What Should We Expect from Gas Prices This Year?

Jan 07, 2015 04:30 PM EST | Jordan Ecarma


Americans have been enjoying cheap gas as the price of crude oil continues to fall. During the last half of 2014, gas prices fell to their lowest in four years nationwide, a boon that is believed to have boosted December auto sales.

An oil analyst has estimated that the oil market must be close to bottoming out but couldn't specify when that would happen--because crude oil just keeps falling.

"You keep looking for it and each bottom brings another trap door," Tom Kloza of the Oil Price Information Service told the Los Angeles Times.

Even though crude oil prices are expected to surge again in the second half of the year, they aren't predicted to result in gas that costs more than the highest prices in 2014, the L.A. Times reported.

The government has forecast an average national gas price of $2.60 in 2015, which would save Americans around $100 billion this year.

In an exclusive phone interview with the Detroit News, President Barack Obama has put something of a damper on that enthusiasm, cautioning buyers not to depend on low-priced fuel.

"I would strongly advise American consumers to continue to think about how you save money at the pump because it is good for the environment, it's good for family pocketbooks and if you go back to old habits and suddenly gas is back at $3.50, you are going to not be real happy," Obama told the News.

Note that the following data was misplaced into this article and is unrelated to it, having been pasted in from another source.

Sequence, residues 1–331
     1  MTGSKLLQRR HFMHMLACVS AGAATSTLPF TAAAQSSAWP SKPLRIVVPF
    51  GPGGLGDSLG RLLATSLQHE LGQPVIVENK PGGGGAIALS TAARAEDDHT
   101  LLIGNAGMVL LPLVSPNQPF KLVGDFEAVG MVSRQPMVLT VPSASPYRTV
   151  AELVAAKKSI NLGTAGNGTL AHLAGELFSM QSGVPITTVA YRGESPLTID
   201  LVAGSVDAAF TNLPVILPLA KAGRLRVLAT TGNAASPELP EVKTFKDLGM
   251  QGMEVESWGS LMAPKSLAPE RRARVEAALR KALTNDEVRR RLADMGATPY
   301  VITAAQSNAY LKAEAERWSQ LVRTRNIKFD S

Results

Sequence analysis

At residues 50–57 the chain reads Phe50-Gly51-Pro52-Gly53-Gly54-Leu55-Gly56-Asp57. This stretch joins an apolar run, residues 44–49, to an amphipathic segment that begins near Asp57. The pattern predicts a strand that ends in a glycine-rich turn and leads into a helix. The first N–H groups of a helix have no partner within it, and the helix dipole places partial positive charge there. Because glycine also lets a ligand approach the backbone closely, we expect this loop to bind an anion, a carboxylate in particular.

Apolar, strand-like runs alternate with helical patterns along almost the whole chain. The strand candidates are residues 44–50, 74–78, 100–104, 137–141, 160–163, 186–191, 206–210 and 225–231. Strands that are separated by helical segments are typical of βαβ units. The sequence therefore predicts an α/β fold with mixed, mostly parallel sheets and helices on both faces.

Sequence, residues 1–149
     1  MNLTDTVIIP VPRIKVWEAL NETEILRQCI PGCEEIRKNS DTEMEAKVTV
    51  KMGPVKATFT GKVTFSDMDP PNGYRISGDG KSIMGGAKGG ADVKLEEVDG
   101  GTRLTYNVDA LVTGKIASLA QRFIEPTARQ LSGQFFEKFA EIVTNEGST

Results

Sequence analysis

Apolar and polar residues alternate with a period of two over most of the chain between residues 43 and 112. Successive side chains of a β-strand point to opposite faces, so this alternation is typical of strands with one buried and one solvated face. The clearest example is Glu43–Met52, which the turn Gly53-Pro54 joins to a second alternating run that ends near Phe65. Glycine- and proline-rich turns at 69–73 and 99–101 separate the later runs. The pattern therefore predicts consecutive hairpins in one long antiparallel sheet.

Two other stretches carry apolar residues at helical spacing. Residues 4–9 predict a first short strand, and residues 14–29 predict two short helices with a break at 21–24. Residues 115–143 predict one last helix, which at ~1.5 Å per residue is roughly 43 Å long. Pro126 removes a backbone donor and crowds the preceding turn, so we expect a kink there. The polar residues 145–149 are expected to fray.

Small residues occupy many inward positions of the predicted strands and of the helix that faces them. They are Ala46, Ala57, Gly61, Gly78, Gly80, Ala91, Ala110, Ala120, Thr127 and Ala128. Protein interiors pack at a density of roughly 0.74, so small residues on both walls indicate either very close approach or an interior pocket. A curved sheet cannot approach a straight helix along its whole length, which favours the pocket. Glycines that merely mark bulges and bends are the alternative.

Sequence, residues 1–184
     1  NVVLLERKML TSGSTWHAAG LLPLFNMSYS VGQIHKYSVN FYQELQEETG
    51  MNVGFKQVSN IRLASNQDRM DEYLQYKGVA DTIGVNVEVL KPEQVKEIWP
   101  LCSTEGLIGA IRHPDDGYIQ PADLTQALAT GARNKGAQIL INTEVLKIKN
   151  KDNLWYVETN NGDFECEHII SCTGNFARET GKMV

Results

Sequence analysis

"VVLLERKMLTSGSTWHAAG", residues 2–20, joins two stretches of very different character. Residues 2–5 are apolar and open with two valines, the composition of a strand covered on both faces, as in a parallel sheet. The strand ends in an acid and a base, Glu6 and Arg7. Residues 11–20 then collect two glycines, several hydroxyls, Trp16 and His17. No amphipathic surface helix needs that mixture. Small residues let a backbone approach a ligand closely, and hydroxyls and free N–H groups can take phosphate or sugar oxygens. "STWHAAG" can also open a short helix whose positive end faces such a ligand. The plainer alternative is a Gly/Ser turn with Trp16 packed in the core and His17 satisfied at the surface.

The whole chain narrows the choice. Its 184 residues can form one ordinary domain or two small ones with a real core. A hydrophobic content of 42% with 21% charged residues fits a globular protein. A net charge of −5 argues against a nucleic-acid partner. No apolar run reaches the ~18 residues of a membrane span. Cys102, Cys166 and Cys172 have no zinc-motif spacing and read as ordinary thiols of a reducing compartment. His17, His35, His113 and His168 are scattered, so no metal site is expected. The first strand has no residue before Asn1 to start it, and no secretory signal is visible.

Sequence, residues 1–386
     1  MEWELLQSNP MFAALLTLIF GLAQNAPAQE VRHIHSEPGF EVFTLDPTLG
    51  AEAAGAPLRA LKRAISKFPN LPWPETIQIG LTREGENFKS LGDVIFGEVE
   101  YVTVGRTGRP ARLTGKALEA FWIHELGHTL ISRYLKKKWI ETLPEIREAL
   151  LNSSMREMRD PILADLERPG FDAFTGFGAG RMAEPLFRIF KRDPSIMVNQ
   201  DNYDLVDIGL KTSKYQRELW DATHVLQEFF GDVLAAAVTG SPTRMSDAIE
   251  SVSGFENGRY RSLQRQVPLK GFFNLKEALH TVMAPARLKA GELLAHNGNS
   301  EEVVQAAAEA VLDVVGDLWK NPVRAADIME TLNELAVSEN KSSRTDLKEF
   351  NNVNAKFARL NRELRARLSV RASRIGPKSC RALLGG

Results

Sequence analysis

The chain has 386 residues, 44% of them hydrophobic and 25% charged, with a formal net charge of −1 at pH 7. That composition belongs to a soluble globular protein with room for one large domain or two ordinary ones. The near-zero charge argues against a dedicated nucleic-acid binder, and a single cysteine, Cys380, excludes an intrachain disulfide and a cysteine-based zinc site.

For the long term, China, India and other emerging economies will cause oil demand to increase, driving up gas prices, the president said.

"Just demographics tell us demand is going to continue to grow, that over the long term it will grow faster than supply and we have to be smart about our energy policy," Obama told the News.

Gas prices in the United States closed out 2014 at their lowest levels since May 2009, according to the U.S. Energy Information Administration. The average weekly retail price for gas was less than $3 per gallon for the first time since February 2010 as of Dec. 12.

Cheaper gas likely affected auto sales, as trucks and sport utility vehicles with lower fuel economy outsold other models in 2014.

So will gas prices continue to fall? Analysts are predicting that the price of crude oil will stay low for now, meaning that cheap gas should be the norm for a while.

"We see [oil] prices remaining weak for the whole of the first half" of this year, Gareth Lewis-Davies, an analyst at BNP Paribas in London, told Bloomberg

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